PENNSYLVANIA is a place with character, a "there." That's not a boast, it's a demonstrable fact. It's a there--to turn Gertrude Stein's aphorism around--because it's a place where things have really happened. Character didn't come to this Commonwealth like a period costume in a box. It came the hard way with events--battles and floods and discoveries--that changed us or that earned the status of legend.
As a matter of fact--and probably it's a matter of character, too--the places have survived. You can travel right there and stand on the very ground you always heard about. Because that is so, Pennsylvania is a place that rewards the act of exploring. Seek here, and you'll find something.
I wasn't seeking any more than a break from the books one warm afternoon in April years ago when I bolted from the Johns Hopkins campus and steered north into Pennsylvania. I doubt I knew where Gettysburg was, in reality. The way I knew of it, it was located on pages, in chapters, between hard covers. Then there it was. I saw the sign and I was there.
I circled slowly, looking at the clean white grave markers and the dark statues. I stopped to read the signs and the plaques. A battle like the one that exploded there in the summer of 1863 is impossibly complex; and it's only the compressive economy of language that permits us to describe all this as one event. Still, some things came clear enough.
It was too early in the season and too late in a cooling day for crowds. So I had the place to myself when I walked to the very ground where Lee's army had reached its farthest against the Union. In what Bruce Catton called "that terrible unforgettable moment of truth that would symbolize inexpressible things" Pickett's Virginians and other young men of the Confederacy--some 15,000 of them--marched across the smoking plain and up the slope of Cemetery Ridge to meet McGilvery's cannoneers, the 20th Massachusetts, the 7th Michigan, the 1st Minnesota, and the Vermonters, New Yorkers and Pennsylvanians, and did not reach the top. Later, when Lincoln came there, he spoke the words that have stood up as the explanation of what happened and what it meant.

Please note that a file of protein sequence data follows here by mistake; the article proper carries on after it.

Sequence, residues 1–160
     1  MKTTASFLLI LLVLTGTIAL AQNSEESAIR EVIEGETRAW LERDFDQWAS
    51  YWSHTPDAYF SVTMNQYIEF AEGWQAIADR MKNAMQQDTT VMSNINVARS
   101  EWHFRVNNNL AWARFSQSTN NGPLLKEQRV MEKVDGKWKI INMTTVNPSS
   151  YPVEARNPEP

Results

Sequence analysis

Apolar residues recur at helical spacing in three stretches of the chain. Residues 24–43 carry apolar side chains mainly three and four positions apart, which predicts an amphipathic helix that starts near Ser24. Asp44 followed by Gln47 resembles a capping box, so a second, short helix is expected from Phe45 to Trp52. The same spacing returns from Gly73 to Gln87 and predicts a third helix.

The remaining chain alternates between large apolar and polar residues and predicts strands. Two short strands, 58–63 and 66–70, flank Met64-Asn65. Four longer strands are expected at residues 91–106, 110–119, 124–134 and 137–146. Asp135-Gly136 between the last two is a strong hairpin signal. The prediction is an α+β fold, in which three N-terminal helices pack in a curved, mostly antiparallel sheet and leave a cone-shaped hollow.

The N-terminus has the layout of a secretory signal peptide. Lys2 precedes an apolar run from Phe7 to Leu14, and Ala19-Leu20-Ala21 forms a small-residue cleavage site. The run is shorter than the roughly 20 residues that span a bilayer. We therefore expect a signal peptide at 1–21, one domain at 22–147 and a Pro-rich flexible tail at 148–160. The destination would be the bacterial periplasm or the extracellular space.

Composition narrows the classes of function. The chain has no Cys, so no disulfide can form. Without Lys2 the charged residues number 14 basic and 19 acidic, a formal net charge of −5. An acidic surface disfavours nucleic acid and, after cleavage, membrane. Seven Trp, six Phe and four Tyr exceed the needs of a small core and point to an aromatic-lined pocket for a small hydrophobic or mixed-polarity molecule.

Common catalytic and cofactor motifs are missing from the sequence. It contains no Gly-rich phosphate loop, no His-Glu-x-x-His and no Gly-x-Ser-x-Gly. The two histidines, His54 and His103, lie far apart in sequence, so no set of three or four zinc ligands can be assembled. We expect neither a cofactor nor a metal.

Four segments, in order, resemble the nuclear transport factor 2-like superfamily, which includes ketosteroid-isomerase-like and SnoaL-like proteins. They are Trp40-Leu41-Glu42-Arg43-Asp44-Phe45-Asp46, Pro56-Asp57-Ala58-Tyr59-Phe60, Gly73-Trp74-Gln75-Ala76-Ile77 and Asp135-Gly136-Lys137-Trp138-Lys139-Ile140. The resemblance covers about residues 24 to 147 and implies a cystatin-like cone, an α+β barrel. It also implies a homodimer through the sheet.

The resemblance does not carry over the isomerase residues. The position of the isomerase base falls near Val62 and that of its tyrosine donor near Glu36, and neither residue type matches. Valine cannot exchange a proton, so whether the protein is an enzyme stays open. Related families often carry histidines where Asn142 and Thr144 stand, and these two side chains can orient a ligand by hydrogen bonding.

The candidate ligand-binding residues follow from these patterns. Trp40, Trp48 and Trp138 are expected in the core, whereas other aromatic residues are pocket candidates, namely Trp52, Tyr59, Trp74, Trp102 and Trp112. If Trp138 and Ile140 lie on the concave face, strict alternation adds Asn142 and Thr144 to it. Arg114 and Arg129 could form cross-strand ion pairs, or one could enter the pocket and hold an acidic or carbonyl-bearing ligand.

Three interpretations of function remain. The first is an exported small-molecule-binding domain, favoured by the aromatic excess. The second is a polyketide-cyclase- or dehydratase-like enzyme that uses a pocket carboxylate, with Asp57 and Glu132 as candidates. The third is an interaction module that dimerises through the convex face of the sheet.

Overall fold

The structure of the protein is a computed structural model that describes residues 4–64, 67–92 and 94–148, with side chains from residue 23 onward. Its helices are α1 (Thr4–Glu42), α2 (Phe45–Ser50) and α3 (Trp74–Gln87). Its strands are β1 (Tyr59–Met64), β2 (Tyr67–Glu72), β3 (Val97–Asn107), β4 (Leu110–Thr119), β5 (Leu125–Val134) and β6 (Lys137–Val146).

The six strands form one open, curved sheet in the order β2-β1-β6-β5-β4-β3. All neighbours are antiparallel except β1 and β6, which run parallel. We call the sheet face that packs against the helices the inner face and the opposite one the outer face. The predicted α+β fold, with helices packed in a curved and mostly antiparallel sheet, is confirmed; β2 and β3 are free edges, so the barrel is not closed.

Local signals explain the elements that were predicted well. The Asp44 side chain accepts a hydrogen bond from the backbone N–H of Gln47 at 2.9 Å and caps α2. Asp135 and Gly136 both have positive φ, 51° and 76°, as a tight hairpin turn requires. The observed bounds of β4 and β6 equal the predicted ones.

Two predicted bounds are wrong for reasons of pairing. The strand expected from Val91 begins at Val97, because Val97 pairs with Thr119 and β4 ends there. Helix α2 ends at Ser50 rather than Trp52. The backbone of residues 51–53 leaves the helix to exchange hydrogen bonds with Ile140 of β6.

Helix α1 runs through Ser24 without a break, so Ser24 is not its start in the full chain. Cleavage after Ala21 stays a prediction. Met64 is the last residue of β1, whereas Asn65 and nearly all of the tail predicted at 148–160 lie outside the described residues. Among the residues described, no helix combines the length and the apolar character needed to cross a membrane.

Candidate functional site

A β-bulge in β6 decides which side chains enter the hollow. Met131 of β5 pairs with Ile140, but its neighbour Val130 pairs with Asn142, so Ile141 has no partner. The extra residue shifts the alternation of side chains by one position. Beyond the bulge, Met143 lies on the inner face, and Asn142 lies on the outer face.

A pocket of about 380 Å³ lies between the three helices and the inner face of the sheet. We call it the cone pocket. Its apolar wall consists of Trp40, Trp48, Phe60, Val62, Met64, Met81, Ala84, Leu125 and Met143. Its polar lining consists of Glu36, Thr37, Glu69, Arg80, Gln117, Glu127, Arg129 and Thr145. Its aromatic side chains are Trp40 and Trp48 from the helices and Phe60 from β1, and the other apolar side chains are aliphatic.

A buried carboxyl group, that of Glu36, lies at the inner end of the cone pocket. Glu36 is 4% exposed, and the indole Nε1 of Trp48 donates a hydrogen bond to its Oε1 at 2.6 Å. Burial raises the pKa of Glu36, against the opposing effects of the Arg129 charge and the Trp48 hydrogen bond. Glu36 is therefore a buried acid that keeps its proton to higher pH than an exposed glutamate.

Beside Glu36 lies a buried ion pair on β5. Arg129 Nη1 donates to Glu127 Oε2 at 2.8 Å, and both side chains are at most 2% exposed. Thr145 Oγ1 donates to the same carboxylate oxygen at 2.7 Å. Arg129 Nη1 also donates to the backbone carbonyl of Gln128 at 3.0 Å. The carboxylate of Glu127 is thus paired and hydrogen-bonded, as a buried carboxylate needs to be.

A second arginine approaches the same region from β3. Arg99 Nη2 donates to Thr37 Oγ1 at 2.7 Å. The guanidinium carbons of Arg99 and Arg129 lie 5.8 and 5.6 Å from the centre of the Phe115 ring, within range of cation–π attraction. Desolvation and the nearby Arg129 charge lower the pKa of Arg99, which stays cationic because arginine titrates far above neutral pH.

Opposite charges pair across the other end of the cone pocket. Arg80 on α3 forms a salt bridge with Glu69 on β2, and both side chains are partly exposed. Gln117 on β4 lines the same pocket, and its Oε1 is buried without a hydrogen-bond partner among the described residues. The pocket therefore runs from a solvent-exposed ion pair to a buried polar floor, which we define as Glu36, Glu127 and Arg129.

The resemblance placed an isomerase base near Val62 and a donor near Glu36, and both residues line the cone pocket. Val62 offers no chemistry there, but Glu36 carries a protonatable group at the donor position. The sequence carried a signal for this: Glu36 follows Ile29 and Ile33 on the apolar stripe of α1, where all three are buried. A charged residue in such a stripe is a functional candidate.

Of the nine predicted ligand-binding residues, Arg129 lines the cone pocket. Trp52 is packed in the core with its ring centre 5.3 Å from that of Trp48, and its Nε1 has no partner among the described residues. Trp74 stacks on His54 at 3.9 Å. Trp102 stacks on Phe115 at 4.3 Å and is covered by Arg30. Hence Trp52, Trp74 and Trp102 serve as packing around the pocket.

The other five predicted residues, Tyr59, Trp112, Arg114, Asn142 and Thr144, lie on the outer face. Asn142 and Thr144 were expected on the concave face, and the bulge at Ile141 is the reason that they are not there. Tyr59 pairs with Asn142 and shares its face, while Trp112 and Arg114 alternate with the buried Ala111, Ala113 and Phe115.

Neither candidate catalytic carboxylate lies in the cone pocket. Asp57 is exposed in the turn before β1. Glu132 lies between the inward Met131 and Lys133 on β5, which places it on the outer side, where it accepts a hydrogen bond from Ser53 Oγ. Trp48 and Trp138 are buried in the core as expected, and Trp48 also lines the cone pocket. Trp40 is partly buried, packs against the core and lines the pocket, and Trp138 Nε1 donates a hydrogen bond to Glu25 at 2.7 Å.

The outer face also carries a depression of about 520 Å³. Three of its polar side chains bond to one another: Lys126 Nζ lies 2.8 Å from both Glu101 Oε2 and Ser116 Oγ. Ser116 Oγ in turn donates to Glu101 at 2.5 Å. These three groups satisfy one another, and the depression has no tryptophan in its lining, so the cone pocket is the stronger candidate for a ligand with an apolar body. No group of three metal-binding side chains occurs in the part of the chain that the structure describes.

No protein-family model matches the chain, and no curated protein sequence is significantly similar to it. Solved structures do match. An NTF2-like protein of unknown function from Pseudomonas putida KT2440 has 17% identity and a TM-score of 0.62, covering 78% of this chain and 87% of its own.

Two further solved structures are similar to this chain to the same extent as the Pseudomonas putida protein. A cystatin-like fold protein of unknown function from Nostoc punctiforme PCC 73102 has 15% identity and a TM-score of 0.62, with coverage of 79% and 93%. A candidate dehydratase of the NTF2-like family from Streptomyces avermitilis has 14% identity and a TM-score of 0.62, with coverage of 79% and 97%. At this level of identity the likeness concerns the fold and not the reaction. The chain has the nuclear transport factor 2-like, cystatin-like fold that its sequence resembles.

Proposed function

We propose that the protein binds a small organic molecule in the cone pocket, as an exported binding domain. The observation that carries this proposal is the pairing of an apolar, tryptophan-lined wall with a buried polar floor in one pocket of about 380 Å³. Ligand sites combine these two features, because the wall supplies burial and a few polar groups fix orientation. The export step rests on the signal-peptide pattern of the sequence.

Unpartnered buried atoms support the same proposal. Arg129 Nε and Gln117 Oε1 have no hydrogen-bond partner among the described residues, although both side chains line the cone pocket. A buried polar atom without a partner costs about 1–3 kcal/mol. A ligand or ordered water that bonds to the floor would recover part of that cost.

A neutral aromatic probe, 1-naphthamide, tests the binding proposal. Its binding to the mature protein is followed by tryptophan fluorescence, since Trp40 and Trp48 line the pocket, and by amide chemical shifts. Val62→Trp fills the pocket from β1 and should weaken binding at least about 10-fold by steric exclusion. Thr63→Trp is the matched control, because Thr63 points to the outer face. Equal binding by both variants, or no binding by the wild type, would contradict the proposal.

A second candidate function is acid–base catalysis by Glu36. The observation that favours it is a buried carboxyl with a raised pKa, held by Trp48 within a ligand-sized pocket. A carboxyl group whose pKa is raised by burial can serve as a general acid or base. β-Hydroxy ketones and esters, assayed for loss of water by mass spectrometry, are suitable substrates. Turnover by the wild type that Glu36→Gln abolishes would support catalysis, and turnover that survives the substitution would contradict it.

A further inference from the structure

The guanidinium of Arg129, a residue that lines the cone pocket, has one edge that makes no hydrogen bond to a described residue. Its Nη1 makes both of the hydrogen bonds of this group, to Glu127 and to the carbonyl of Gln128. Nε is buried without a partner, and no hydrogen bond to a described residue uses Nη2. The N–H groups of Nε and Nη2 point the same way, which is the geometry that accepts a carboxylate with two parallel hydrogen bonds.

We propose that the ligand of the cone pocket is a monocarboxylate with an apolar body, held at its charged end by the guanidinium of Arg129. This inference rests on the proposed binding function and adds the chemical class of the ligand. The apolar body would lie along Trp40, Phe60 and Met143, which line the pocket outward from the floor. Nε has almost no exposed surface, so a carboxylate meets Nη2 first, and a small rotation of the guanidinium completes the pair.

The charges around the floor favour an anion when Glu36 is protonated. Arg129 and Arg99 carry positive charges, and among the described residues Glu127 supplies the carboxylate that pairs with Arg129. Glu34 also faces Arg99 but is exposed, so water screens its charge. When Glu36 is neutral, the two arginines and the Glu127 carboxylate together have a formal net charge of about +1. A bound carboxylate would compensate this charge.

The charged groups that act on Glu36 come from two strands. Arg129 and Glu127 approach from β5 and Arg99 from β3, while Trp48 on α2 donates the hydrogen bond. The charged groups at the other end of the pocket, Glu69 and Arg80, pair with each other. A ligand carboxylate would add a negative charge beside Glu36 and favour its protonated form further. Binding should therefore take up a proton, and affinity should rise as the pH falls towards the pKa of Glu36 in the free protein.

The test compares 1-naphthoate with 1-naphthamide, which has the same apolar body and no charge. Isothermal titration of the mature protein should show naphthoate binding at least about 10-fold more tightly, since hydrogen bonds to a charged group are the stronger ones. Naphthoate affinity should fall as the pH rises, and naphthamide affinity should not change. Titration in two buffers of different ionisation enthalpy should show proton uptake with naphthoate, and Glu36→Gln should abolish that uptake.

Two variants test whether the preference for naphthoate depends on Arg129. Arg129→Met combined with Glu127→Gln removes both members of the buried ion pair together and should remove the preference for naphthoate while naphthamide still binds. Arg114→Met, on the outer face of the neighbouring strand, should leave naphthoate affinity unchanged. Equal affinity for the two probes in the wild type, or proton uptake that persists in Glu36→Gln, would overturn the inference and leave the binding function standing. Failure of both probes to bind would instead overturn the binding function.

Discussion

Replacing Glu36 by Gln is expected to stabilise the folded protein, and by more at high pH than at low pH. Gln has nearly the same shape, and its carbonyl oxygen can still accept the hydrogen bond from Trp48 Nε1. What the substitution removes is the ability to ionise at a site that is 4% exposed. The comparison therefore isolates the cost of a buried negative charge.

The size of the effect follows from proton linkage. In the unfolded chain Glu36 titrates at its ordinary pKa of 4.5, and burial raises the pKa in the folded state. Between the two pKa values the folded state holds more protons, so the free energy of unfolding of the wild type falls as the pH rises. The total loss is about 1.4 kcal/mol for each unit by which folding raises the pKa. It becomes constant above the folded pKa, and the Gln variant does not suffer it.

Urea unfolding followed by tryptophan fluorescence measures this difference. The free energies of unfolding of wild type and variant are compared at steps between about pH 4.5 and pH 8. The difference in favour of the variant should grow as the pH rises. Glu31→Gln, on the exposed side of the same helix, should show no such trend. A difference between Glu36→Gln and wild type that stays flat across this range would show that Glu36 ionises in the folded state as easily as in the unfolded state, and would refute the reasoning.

I stood in the fading light and looked over the neat fields and low ridges where the Confederate wave broke. The contour of the land where it happened hasn't changed much. You go stand in a place like that with the darkness rising up from the hollows, you hear things. And understand some things.
Once I heard Pennsylvania described as "Philadelphia at one end and Pittsburgh at the other end and nothing much in between." It is true that the country took national root in Philadelphia and reached full industrial flower in Pittsburgh.
Jefferson et al. at one end and Carnegie at the other. But a great many legendary matters, profound and otherwise, have unfolded in between those polar cities: Pennsylvania is a place where people have felt free enough--and strongly enough--about their ideas to erect whole towns that still mirror those ideas: Ephrata. Harmony. Economy. Or Hershey. It began with chocolate, but Mr. Hershey's ideas about things have led to parks, vocational schools, sports teams, resorts--a staggering array of assets and attractions. A long-ago family excursion through Pennsylvania included a stopover at Hershey. To my 10-year-old eyes, this was a combined revelation and pilgrimage. I never considered that those brown-and-silver wrapped treats came from anywhere. They just were in my world and I was glad of it. You mean, this is where they make those chocolate bars? This is the source? I reeled. Lourdes could scarcely have matched the place.